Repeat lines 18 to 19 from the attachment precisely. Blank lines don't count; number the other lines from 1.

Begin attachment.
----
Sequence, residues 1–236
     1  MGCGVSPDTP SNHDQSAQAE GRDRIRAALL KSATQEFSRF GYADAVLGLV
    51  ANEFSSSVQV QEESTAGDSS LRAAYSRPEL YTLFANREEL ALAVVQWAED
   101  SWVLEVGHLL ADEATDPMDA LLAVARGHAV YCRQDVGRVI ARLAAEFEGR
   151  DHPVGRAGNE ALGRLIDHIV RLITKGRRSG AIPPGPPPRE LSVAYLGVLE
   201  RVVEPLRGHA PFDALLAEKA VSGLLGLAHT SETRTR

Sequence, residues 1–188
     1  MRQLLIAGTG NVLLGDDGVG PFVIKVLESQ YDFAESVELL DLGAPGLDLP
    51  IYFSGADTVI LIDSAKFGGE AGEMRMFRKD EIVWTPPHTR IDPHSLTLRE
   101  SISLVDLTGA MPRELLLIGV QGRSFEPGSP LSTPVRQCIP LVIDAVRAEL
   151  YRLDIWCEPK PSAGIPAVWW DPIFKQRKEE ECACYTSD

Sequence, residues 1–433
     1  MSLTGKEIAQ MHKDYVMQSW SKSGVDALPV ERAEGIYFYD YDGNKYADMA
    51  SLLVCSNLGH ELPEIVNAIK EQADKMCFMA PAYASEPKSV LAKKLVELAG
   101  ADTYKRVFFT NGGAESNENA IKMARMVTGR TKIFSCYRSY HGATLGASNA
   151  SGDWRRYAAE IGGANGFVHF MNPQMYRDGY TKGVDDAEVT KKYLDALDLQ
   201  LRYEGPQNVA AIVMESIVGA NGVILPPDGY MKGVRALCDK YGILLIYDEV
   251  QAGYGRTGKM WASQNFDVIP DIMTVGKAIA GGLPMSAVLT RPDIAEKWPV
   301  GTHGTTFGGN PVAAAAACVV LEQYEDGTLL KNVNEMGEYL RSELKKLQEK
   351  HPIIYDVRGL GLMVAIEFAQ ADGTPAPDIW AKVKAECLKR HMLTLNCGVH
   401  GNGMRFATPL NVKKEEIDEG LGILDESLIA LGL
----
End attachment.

   251  QAGYGRTGKM WASQNFDVIP DIMTVGKAIA GGLPMSAVLT RPDIAEKWPV
   301  GTHGTTFGGN PVAAAAACVV LEQYEDGTLL KNVNEMGEYL RSELKKLQEK